[Viewepoint] Riding to the rescue of the euroAnother summit, another messy compromise. With the euro facing renewed crisis, and with Portugal, Spain, Belgium and Italy all under the same kind of pressure that forced Greece and Ireland into a bailout, the stage was surely set for a clear and decisive defense of the single currency.
And what did the European Union’s leaders come up with after high-level talks in Brussels? A two-line treaty amendment.
It’s crazy. It might be the case that the euro isn’t worth saving. This column has certainly argued that it has turned into a bankruptcy machine. It would be better for the peripheral nations to get out now - and better in the medium-term for the EU as well.
But given that no one is contemplating that yet, it would surely make sense to come up with a credible plan for salvaging the euro. Boosting public spending in Germany, doubling the size of the emergency fund and creating clear economic rules for the euro area would be among the best places to start. “Our determination is clear,” said EU President Herman Van Rompuy in a statement at the close of the Brussels meeting. “The heads of state and government of the euro zone stand ready to do whatever is required to ensure the stability of the euro zone as a whole.”
Tough words. The trouble is, words aren’t enough. When it came to action, this had all the force of a pea-shooter when a cruise missile is needed. All the EU actually managed to come up with was a minor treaty amendment to create a permanent debt-crisis mechanism in 2013. It amounted to less than 50 words. It was a feeble and timid response.
If you want to get real about doing whatever is required to save the euro, there are five steps that could be taken now to shore up confidence in the currency:
One, boost public spending in Germany and run bigger budget deficits. The peripheral countries need to export more. They can only do that if someone else imports more. Sure, not all the extra spending in Germany will go toward Greek or Irish exports. It will buy a lot of Korean TVs, just like everyone else is. And, sure, the Germans hate to run budget deficits. Balancing the books is part of the national ethos. But either you want to save this thing or you don’t. Getting the Germans to spend more has to be part of the rescue package.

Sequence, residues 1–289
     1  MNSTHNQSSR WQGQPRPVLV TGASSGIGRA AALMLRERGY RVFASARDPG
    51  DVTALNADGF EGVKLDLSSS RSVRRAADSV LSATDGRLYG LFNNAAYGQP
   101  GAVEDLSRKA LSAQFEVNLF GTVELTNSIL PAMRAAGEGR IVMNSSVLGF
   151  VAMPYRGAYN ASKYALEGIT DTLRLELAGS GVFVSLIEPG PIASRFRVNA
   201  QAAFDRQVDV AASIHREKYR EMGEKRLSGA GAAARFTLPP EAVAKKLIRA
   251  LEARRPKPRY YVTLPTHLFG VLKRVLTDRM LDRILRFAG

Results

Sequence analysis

Two, double the size of the 750 billion euro ($980 billion) bailout emergency fund. There’s enough in the kitty to bail out Ireland and Portugal. But probably not Spain, and certainly not Italy. The thing is this: The EU is engaged in a battle with the markets over the future of the euro. If there isn’t much ammo in the locker, the traders will be tempted to keep hammering away. So get more ammo. The markets will keep picking fights until you make it clear they can’t win.
Three, create Eurobonds. Only by pooling the debts of the peripheral and core nations into single euro-area bonds can enough money be raised on reasonable terms to salvage the single currency. Of course the Germans and the French don’t want to end up paying the bills for other countries. Voters don’t want to see their taxes sent abroad either. But get real. Germany and France are on the hook for Greek, Irish and Spanish debts anyway. They may as well raise money together. It will be cheaper - and more honest as well.
Four, rewrite the treaties so that euro-area governments cede ultimate control over budget and tax policies to Brussels. True, everyone will complain about an unacceptable sacrifice of independence. But how much economic sovereignty do Greece and Ireland have left anyway? Just about none. The EU, the European Central Bank and the International Monetary Fund are paying the bills and calling the shots already. All the peripheral countries are going to have to give up most of their autonomy to stay in the euro, so it might as well happen sooner rather than later. If that means negotiating a new treaty, so be it.
Five, prepare for austerity. According to calculations by the London-based Center for Economics and Business Research, Greece, Ireland, Spain, Portugal and Italy will need to cut government spending by 10 percent, and consumer spending by 15 percent, to stay within the euro. That is slightly more than the 14 percent drop in consumption the British endured during World War II.
It is going to involve massive sacrifices, so it would be better to lay out now what kind of pain is involved. People will be angry, but they will be a lot angrier if you don’t level with them.
Of course, when you lay out starkly the things that need to be done to rescue the euro it becomes clear that it is hardly worth it. Few people in Europe are likely to sign up to that package of measures.
But it is far better to be honest about the scale of the task ahead than to stumble from one half-hearted summit to the next.
*The writer is a Bloomberg News columnist.
By Matthew Lynn